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Hi,

I'm setting up a trap for hackers on my server, by putting an attractive file named: "source-code.zip" (as an example) so only hackers can see. (If the hacker is using a PHP shell trap or something)

Once the hacker trys to open or access the "source-code.zip" file, I need wireshark to trigger an executable file that will shut down the network card on my server to prevent any other theft, just in case.

How can I do this using wireshark or tcpdump ? is it possible ? for example using a filter where if any packet (TCP/UDP/ETC..) contains the word "source-code.zip" it should trigger an executable.

Of course the file name "source-code.zip" will be changed to someting more unique and complex.

I need your help guys, is it possible to trigger files using filters on wireshark ? It also should not slow my network or CPU usage..

Thank you. (and sorry if my english is bad)

asked 21 Mar '12, 09:11

reacen's gravatar image

reacen
6113
accept rate: 0%

Please help with anything.. ? I need this so bad.

(22 Mar '12, 11:56) reacen

Yes, you can do this through Wireshark Lua, but as the other answers indicate, there are better ways to accomplish your goal.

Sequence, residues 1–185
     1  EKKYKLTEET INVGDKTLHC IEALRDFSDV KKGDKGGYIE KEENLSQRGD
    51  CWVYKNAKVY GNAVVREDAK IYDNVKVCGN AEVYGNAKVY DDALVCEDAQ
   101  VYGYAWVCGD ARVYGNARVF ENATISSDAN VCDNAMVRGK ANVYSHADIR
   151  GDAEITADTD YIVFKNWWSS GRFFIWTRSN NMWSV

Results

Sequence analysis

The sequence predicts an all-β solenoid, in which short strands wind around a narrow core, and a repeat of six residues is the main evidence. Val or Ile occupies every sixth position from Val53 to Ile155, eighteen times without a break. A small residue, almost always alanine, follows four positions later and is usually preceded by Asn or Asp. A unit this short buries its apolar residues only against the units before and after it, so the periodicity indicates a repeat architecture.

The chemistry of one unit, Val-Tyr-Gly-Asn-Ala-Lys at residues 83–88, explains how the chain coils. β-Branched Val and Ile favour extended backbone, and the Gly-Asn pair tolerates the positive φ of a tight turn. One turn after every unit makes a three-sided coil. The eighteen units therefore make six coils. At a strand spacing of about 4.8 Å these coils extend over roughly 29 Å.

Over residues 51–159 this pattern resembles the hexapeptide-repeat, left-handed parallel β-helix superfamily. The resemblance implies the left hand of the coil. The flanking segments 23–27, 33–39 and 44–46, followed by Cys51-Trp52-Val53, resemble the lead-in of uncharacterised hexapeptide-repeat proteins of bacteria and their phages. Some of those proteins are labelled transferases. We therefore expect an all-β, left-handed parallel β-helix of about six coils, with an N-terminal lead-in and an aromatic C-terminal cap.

If you really wanted to use Wireshark, you could create a tap/listener that runs a specified program (using os.execute, which runs a shell command, or io.popen, which starts a program in a separate process...you probably want the latter) upon detecting a packet of interest.

Here's an example Lua script (based on this answer) that opens iTunes whenever UDP packets, containing XML, arrive at port 2000. The script is put in ~/.wireshark/plugins/itunes_tap.lua. (Note that the script automatically loads in tshark)

-- use display-filter syntax here
local _filter = '(udp.port == 2000) && xml'

-- command to be executed for each packet
local _cmd = 'open /Applications/iTunes.app'
local _run = io.popen

local function make_tap(filter)
    local tap = Listener.new(nil, filter)

    function tap.packet()
        _run(_cmd)
    end

    return tap
end

-- If not running from Wireshark, enable the tap immediately, then
-- abort, or else we'll get an error below for trying to do GUI 
-- stuff from the command line.
if not gui_enabled() then
    make_tap(_filter)
    return
end

local function make_win()
    local tap = nil
    local win = TextWindow.new("Watcher")

    local function remove_tap()
    if tap then tap:remove() end
        tap = nil
    end

    win:set("Press Start to begin watching")
    win:set_atclose(remove_tap)

    win:add_button("Start", function()
        if tap then
            report_failure("Already started")
            return
        end

        win:set("Watching for:\\n" .. _filter)
        tap = make_tap(_filter)
    end)

    win:add_button("Stop", function()
        if not tap then
            report_failure("Not started")
            return
        end

        remove_tap()
        win:set("Press Start to begin watching")
    end)

    return win
end

register_menu("Lua/Test", make_win, MENU_TOOLS_UNSORTED or 8)
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answered 22 Mar '12, 17:23